45 %), while triangular (14.6 %) and ovoid (14.6 %)
shapes slightly increase. Debitage symmetry (on-axis)
of laminar products is dominant (68.1 % of blades and
63.9 % of bladelets) over off-axis products, however
the latter are still quite common. Blade/let profiles are
twisted (37.1 %/37.7 %), curved (33.2 %/28.4 %) and
flat (25.9 %/32.2 %). Twisted profiles increase in
Fig. 10. Româneşti-Dumbrăviţa I, Mogoşanu’s excavations, layer III. Carinated bladelet cores: 1, 2 – bidirectional, sub-cylindrical;
3 – unidirectional, sub-pyramidal.
Abb. 10. Româneti-Dumbrăvia I, Ausgrabungen Mogoanu, Schicht III. Gekielte Lamellenkerne: 1, 2 – bidirektional, sub-zylindrisch;
3 – unidirektional, sub-pyramidal.
Quartär 59 (2012)Earliest Aurignacian in Romania: the open air site of Româneşti-Dumbrăva
97
Fig. 11. Româneşti-Dumbrăviţa I, Mogoşanu’s excavations, layer III. Blade/bladelet prismatic cores:
1 – bidirectional; 2, 3 – unidirectional, keeled.
Abb. 11. Româneti-Dumbrăvia I, Ausgrabungen Mogoanu, Schicht III. Prismatische Kerne:
1 – bidirektional; 2, 3 – unidirektional, gekielt.
overlying layer IV, while curved profiles decrease
markedly (Fig. 14). Blade/let distal ends are mostly
feathered (59.8 %/62.7 %), less blunt (20.5 %/14.5 %),
hinged (13.7 %/21.7 %) and rarely overpassed
(6 %/1.2 %). Blade cross-sections are principally
trapezoidal (41.4 %) and triangular (31.3 %), followed
by lateral steep (scalene) (18.5 %) and rare multiple
(8.0 %) ones. On the other hand, triangular sections
are more frequent (44.8 %) for bladelets, although
trapezoidal (34.9 %) and lateral steep (16.1 %) sections
are common. The abundance of triangular sections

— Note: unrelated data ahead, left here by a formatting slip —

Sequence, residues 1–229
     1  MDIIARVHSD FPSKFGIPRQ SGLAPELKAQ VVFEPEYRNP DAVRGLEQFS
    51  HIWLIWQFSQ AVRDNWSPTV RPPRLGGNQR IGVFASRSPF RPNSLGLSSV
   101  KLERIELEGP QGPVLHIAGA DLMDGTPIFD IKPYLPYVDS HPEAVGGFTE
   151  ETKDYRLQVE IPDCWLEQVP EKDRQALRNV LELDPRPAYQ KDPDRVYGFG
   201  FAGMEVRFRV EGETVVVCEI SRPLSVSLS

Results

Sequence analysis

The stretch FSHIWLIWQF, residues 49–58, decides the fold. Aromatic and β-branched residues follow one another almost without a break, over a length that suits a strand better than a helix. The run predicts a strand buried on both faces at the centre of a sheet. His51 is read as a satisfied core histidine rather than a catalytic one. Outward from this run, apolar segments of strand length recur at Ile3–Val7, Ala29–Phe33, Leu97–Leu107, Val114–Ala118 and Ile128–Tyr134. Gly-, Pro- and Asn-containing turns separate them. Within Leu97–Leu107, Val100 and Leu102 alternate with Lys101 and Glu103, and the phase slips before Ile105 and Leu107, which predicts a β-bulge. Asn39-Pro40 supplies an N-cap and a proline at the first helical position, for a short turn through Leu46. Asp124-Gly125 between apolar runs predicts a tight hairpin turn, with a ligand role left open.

may also be explained by the frequent use of narrow-
faced cores to obtain narrow laminar blanks. Laminar
removals with lateral steep sections also maintain
working convexity during debitage. With respect to
platform preparation, single blow platforms are
dominant. Plain butts are the most numerous among
blades (68.4 %), followed by some dihedral and linear;
other butts are rare (Fig. 15). Bladelets show a rise in
linear (33.3 %) and punctiform (10.8 %) butts and a
decrease in flat platforms (49 %). Blade butt lipping is
common (including semi-lipped, which show the
combination of butt lips and bulb of percussion on the
blank’s ventral surface), while bladelets show a decline
Quartär 59 (2012) V. Sitlivy et al.
98
Fig. 12. Româneşti-Dumbrăviţa I, Mogoşanu’s excavations, layer III (1, 3) and layer V (2). 1blade
core, bidirectional, sub-cylindrical; 2 – bladelet narrow flaking surface core, unidirectional, keeled;
3 – blade/bladelet narrow flaking surface core, unidirectional, keeled.
Abb. 12. Româneti-Dumbrăvia I, Ausgrabungen Mogoanu, Schicht III (1, 3) und Schicht V (2).
1 – Klingenkern, bidirektional, sub-zylindrisch; 2 – unidirektionaler gekielter Lamellenkern mit schmaler